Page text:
So ISIL has done it again. According to news reports as I write these words, more than 20 people have been killed and dozens injured in bomb explosions in Belgium
, almost certainly in retaliation for the arrest of Salah Abdeslam
and the killing of one of his accomplices there last week.
I’m very surprised that the suburb of Molenbeek in Brussels, long known to be a hotbed of fundamentalist Islamic tendencies and support for terrorism, has not been ‘cleaned out’ yet by security forces. I suppose that’s European political correctness at work, as the Canadian Globe & Mail pointed out last year. (Bold, underlined text is my emphasis.)
After the [Paris] attacks, the world’s media descended on the Muslim neighbourhood of Molenbeek in order to probe the causes of the problem. They found that Belgium is a mess – a tangle of overlapping and warring political factions that are completely unable to manage the country’s security issues. This fragmentation is also cited as a major barrier to Muslim integration. Disaffected young people can’t develop a Belgian identity, because there isn’t one.
. . .
The belief that the modern progressive state can socially engineer its way to harmony – if only it tries hard enough – is a dangerous delusion.
Another view of Belgium is offered by Teun Voeten, a photographer who witnessed the aftermath of the Paris massacre. He lived in Molenbeek for nine years, but was eventually driven out by crime, disorder and intolerance. Places to buy alcohol disappeared, and Islamic bookshops spread. “Nowhere was there a bar or café where white, black and brown people would mingle,” he wrote on Politico. “Instead, I witnessed petty crime, aggression, and frustrated youths who spat at our girlfriends and called them ‘filthy whores.’ ” The Jewish shops, which were terrorized by young kids, moved away. So did openly gay people, who were harassed in the streets.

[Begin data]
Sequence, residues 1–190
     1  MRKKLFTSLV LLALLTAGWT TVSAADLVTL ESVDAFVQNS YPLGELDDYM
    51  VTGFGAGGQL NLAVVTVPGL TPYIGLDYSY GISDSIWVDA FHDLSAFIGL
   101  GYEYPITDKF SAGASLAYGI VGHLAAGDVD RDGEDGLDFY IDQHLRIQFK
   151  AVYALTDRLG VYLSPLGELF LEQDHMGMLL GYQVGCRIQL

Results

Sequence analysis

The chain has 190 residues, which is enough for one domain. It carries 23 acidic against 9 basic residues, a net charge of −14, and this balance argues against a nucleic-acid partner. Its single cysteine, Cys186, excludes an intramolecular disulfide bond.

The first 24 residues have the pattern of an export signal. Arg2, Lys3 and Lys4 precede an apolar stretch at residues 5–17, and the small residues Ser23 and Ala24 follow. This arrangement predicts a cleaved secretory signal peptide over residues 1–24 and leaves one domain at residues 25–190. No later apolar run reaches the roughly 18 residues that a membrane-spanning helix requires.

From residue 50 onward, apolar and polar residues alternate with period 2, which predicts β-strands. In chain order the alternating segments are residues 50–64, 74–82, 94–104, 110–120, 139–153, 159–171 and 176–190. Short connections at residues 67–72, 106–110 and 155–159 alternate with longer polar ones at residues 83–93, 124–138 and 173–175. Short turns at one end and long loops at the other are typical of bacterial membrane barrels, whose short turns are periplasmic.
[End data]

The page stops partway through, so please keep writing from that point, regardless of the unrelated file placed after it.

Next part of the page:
Mr. Voeten agrees that the messy state is a problem. But the more important factor is Belgium’s culture of denial. “The country’s political debate has been dominated by a complacent progressive elite who firmly believes society can be designed and planned. … The debate is paralyzed by a paternalistic discourse in which radical Muslim youths are seen, above all, as victims of social and economic exclusion. Most people in Molenbeek are decent people who want the best for their families. But we should not close our eyes to the fact that it is also home to a very deep and very dangerous undercurrent of radical Islamism.”
. . .
Why are so many home-grown young Muslims (as well as a few converts) attracted to such a virulent form of faith? The common liberal answer is because they feel excluded. That answer strikes me as pathetically inadequate. A better answer would include a quest for meaning and purpose in a secular, postmodern world, and the attraction of an absolutist faith that offers certainty, structure and a chance for martyrdom and glory.
Job training and better transit aren’t going to fix that problem.
The attacks in Paris were a watershed. This time the terrorists’ targets were not cartoonists, Jews, or people openly critical of Islam, but anyone who happened to be in range. The target was secular society itself. And in its aftermath, many more people are daring to openly question whether some values simply cannot be reconciled with Western values. For all its faults and flaws, Europe is not the problem.
There’s more at the link.
The Paris attacks in November last year revealed a high degree of technological sophistication on the part of the terrorists. That sophistication has enabled their accomplices to respond rapidly to last week’s arrests by conducting further acts of terrorism at short notice. A French police analysis of last year’s attacks shows how they probably did it. Here’s an excerpt from a news report. (Again, bold, underlined text is my emphasis.)